This week, the theatre department’s first mainstage show of the season, “Inventing Van Gogh” by Steven Dietz, will journey into the tormented mind of an artistic genius. The production is a haunting drama centered around the relationships between art, love and obsession. With a five-person cast, the play will be thematically and dialogue-driven, providing an intimate experience for the audience.
The production will be put on Oct. 2-5 at 7:30 p.m. and October 6 at 2:00 p.m. Tickets are $10 for adults and $5 for students and seniors, however admission is free for students on Wednesday and Thursday. They can be purchased at the box office in the lobby of the Mago Hunt Center.
The play centers around Patrick, a disgruntled artist who has not been able to complete a painting for three years since the death of his mentor. However, when he is hired to forge a long-lost Vincent Van Gogh painting which the artist was thought to have painted right before his suicide, Patrick is sent spiraling into the conflict between reality and imagination.
Senior Sam Baldwin, who plays Patrick, finds the play to be unique because of its complexity.
“I think it keeps the audience engaged because of all the different topics it brings up. If you like art, if you like romance, if you like family drama — there’s all of that,” said Baldwin. “It does a really good job of showing how art and relationships are intertwined. It's definitely not just for people who have a degree in art history.”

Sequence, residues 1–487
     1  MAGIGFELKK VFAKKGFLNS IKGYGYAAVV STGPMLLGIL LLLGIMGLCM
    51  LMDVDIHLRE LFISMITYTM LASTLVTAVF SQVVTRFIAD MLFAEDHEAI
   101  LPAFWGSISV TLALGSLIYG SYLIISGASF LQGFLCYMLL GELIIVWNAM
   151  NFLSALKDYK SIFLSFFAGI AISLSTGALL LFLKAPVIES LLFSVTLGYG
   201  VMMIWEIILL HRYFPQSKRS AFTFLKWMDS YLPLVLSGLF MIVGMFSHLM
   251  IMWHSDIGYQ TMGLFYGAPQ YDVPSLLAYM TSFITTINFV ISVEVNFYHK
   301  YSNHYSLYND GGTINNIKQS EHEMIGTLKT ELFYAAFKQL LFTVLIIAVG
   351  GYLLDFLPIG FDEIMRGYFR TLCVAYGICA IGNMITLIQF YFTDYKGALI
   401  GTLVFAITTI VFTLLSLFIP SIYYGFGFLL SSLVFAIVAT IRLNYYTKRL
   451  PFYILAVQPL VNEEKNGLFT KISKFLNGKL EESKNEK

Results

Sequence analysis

Andrew Golla will direct the performance. He thinks the play is relevant to a wide audience because of its introspection into shared human experience.
“The fact that it’s abstract and non-linear in terms of the timeline makes it different, and it’s about obsession which we can all identify with,” Golla said. “It looks at where the line is drawn between passion and obsession because many people never really know until they’re far past that line. In that way, it's kind of an experience we can all understand as human beings.”
The play was designed to have only a five-person cast who play eight characters. Because of this, three actors will be playing two characters each. Senior Riley Olson, who plays both Hallie and Marguerite, enjoys the change in pace that comes with playing two characters.
“I love small cast shows like this because of the really tight relationships that you get with all of your castmates,” Olson said. “You’re spending a lot of time together through the production process, and the fun part is that in playing multiple characters, I get to interact with the same people as different personalities, so I have more than one relationship with the same actor.”
Ajay Davis is a reporter for The Beacon. He can be reached at firstname.lastname@example.org.